Presentation on theme: "Hamlet Plan of lectures 1.Revenge and the ghost 2.Just how crazy is Hamlet? 3.The theme of mortality 4.Meta-theatricality."— Presentation transcript:
Hamlet Plan of lectures 1.Revenge and the ghost 2.Just how crazy is Hamlet? 3.The theme of mortality 4.Meta-theatricality
Preliminaries: first, the strange text of Hamlet Our edition (Pelican), edited from the second quarto (Q2), is approximately 3,674 lines long. Far too long to play (four hours if played). (Elizabethan plays took two to two and a half hours to play.) Probably Q2 is Shakespeare’s early draft of the play. The Folio version (F) is 3,535 lines long, still far to long to play. Probably F is a revised version of the play; it lacks much of IV.4, including H’s soliloquy there. Some scholars think F is a clearer version of the play, suggesting revision. The first quarto (Q1) is much shorter, 2,154, and looks like a playing version of the play. Some scenes are in a different (maybe better) order. But Q1 gives us a weird version of the text, certainly not Shakespeare’s actual language. Q1 derives from an actor’s version of the play from memory – only Marcellus’ lines are accurate.
The puzzling text (continued) So a modern production needs to decide which text, Q2 or F, to use, then how to cut about a third of the text. Earlier editions gave us a Hamlet that was conflated from Q2 and F – an even longer play. Branagh’s film of the “uncut Hamlet” is interesting, but something that was almost certainly never played in Shakespeare’s time. But what was played? What we’re reading in the Pelican text is probably Shakespeare’s early complete draft. Which he had to cut for playing. Look for extra F passages on pp. li-lv of Pelican if you’re missing some familiar passages.
Second, five “open questions” in Hamlet Is Hamlet mad or not? He says he will play mad (put on an “antic disposition,” 1.5.171-72), but then later tells Laertes that it was his “madness” that killed Polonius, not Hamlet (5.2.231-240). Does Gertrude know about the murder of Hamlet’s father? Hamlet thinks she does, but she seems shocked at his accusation (3.4.29-31). Did Ophelia really commit suicide? Gertrude’s account indicates it was an accident (4.7.166-184). The coroner rules it “Christian burial.” But the gravediggers have their doubts (5.1.1-30), and the priest says the death was “doubtful,” and the funeral rites are truncated (5.1.228- 236). Why did she go mad? The death of her father? Or Hamlet’s rejection of her? Does the “play-within-the-play” evoke Claudius’ guilt? Or is it Hamlet’s commentary (3.2.267-70).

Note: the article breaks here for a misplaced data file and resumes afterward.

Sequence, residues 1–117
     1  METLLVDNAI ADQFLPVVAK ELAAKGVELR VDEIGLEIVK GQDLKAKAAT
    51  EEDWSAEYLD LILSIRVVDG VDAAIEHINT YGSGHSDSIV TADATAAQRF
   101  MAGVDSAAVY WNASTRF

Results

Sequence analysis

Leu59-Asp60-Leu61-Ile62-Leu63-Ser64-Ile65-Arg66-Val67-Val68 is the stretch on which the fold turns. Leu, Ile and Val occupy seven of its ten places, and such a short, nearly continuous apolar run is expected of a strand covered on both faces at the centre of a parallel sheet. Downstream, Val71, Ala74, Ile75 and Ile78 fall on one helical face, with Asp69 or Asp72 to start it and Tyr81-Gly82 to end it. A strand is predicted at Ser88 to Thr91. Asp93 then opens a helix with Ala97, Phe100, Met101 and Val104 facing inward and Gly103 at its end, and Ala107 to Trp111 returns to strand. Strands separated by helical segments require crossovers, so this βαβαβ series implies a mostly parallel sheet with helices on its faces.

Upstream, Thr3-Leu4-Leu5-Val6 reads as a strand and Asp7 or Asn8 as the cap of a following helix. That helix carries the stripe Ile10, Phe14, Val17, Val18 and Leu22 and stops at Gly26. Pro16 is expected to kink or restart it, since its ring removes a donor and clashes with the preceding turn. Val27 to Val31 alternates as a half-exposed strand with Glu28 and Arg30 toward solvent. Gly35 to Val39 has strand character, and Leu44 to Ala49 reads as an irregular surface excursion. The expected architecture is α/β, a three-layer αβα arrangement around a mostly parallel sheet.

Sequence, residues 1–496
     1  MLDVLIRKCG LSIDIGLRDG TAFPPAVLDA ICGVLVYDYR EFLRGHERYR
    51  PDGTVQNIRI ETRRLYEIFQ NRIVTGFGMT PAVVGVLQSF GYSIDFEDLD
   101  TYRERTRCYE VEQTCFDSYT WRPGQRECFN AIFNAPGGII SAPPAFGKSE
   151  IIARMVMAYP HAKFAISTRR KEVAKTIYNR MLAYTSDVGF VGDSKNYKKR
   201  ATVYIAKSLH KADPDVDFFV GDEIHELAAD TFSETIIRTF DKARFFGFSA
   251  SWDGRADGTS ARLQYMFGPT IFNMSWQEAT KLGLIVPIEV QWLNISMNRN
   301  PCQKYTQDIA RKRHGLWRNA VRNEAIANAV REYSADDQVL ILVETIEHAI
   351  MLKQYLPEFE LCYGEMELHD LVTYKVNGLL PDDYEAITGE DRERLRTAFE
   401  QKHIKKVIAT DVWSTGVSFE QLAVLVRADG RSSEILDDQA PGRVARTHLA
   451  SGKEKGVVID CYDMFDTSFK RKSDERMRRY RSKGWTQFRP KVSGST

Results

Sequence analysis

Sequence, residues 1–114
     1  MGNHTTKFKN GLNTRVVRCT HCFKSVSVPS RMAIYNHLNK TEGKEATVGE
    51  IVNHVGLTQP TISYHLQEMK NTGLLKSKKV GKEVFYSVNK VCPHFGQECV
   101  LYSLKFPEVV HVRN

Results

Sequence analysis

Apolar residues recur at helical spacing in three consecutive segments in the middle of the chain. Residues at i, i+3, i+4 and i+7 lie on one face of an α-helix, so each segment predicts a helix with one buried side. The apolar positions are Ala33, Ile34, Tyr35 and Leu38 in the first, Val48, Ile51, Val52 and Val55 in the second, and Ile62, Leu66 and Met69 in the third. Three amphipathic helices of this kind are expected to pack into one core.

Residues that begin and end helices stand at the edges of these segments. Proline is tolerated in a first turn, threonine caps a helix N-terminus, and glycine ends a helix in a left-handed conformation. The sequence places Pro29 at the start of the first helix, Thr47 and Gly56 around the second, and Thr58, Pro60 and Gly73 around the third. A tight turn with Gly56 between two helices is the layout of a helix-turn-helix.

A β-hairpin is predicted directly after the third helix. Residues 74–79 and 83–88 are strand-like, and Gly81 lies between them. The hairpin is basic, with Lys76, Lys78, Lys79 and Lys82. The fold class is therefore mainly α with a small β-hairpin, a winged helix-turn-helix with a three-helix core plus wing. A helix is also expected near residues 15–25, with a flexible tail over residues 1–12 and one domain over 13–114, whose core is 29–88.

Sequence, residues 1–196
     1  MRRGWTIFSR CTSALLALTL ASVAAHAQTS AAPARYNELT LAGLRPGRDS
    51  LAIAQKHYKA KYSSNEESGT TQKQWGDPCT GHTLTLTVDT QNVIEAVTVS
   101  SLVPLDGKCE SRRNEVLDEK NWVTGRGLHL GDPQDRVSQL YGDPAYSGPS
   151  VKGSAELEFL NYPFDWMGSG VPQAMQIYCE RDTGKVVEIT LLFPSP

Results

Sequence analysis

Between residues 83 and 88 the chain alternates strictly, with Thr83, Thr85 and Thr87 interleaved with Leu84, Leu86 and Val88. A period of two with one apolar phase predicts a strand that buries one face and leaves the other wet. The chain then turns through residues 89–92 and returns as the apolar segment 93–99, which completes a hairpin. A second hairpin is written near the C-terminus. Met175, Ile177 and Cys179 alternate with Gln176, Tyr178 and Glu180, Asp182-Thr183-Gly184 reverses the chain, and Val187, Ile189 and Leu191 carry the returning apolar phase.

Third, R.I. P. “tragic flaw” Aristotle invented the tragic flaw: hamartia. But was it part of current discourse in 1590s? Here’s what Olivier did with tragic flaw in his 1948 film (clip). Admittedly Shakespeare seems to bring up the issue at I, 4, 23ff. But how much does “tragic flaw” ever tell us? Othello is jealous, Macbeth is ambitious, Lear is old and losing his mind, Romeo loves too rashly? And Hamlet does make up his mind at III, 3, 73ff – maybe that’s the problem.
Now, the lecture: that damned ghost – or is he? Hamlet a revenge play, a popular dramatic genre. Thomas Kyd’s The Spanish Tragedy (1592), Marston’s Antonio’s Revenge (1600), Middleton’s Revenger’s Tragedy (p. 1607), Chapman’s Bussy D’Ambois (1604), Shakespeare’s own earlyTitus Andronicus (p. 1594). Elements of revenge plays: ghost demanding vengeance, real or feigned madness, plays- within-plays, scenes of carnage and mutilation, ingenious ways to accomplish vengeance.
Hamlet as revenge play Horatio’s conclusion: V, 2, 380-87: “So shall you hear of carnal, bloody, and unnatural acts...” But atypical in its psychological complexity – and length. Ghost kept off stage for four scenes – a half hour of playing time? Issue of revenge kept in suspense. The strange character of this ghost: where from? What to make of him?
Film clip of ghost’s appearance
The ghost of Hamlet Sr. The ghost is real: on stage this must be a very solid, opaque ghost, no see-though or imaginary figure. Is the ghost from Purgatory? Purgatory a hot-button issue in Elizabethan England. Ghost asserts Purgatory as its origin: I.5, 3-4, 9- 13. This puts it among the saved, “a spirit of health,” as H. says (I, 4, 40). But can it then ask for vengeance?